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The Mobile Consumer and the Right Response to Responsive Design

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By Seth Kaplan

mobile_device_internetWith people accessing the Internet from various devices, all of which vary in size, Responsive Web Design has become all the rage. As defined by Stanford University, Responsive Web Design refers to:

“A website that responds to the device that accesses it and delivers the appropriate output. Rather than designing multiple sites for different-sized devices, this approach designs one site, but specifies how it should appear on varied devices.”

In essence, Responsive Web Design is a programmer’s dream come true. Even Google, the world’s premier programming organization, has deemed Responsive Web Design their “recommended configuration” for building smartphone-optimized websites. However, the problem with Responsive Web Design is that it aims to answer the wrong question: How do you display content correctly across different devices and screen sizes?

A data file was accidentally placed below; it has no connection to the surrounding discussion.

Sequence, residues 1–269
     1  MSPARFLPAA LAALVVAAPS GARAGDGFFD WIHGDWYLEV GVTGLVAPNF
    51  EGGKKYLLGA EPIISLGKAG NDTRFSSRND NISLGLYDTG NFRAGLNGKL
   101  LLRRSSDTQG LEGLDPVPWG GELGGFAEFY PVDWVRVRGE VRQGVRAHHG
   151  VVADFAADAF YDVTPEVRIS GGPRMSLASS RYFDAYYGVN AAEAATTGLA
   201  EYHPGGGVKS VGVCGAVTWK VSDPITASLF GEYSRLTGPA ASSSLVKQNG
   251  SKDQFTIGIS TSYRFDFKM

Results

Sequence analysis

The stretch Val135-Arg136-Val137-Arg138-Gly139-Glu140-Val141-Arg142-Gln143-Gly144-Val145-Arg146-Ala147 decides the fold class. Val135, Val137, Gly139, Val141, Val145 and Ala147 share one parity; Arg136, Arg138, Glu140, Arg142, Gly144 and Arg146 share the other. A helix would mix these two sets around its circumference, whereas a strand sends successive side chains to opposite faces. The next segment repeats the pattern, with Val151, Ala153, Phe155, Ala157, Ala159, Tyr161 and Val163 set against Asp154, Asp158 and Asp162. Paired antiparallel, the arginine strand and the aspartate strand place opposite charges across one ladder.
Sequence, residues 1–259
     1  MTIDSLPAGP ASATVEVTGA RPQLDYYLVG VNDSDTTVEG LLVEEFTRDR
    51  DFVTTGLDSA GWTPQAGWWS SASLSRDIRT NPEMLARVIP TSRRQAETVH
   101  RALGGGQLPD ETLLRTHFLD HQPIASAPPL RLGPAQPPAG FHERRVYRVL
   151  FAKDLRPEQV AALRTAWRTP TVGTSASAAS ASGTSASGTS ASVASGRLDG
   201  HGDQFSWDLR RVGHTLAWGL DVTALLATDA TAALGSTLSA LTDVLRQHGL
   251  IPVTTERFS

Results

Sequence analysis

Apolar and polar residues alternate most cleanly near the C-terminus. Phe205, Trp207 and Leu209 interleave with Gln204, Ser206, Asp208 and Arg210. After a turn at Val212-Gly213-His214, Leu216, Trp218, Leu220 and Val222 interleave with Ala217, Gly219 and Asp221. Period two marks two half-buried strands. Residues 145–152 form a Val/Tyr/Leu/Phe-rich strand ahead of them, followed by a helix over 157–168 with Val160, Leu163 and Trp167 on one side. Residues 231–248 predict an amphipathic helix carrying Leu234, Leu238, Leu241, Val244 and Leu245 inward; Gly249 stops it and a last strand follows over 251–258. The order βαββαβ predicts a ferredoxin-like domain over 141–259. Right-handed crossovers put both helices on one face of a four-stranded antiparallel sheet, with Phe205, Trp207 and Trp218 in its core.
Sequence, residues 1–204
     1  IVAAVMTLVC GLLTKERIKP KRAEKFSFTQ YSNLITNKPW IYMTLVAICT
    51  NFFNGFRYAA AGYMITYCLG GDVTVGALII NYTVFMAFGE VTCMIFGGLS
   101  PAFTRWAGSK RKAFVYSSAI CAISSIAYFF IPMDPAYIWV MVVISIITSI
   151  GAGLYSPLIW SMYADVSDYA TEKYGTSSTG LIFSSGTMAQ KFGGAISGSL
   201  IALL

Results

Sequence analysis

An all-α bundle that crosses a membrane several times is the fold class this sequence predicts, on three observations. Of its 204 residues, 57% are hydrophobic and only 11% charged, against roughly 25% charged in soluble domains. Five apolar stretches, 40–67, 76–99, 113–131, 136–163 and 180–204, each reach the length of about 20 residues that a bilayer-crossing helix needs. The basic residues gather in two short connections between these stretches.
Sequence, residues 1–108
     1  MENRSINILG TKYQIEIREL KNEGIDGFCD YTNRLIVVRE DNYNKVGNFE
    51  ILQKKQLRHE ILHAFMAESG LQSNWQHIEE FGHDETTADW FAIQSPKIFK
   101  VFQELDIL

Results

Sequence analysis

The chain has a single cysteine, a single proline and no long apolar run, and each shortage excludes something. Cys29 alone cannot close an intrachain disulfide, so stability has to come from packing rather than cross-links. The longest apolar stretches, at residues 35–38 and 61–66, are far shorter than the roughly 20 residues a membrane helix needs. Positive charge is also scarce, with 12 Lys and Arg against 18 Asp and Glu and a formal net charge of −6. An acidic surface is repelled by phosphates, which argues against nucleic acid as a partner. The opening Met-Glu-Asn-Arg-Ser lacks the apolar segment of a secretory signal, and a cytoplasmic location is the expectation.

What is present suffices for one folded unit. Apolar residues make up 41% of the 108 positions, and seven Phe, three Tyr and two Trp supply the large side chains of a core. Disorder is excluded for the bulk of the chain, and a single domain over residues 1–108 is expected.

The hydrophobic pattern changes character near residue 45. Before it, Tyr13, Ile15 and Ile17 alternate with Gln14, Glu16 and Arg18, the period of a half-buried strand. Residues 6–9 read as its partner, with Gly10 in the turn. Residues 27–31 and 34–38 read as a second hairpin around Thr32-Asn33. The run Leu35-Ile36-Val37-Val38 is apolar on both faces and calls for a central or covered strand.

The question we should be asking is, how should we alter the user experience to accommodate changes in consumer behavior across different devices?

After all, what we do as marketers should be driven by consumers, not by what works best for programmers. And consumer behavior is changing rapidly. The shift is clear and can be seen through device sales alone, as people spend more time on mobile and tablets and less time on their personal computers. As such, their behavior is changing because of the mobility of the device. “We must ensure the experience on each device is built specifically to accommodate the user; our consumer,” says John Lim, co-Founder and CEO of Life in Mobile, “as consumer behavior is inherently different when using a mobile phone compared to a desktop computer.”

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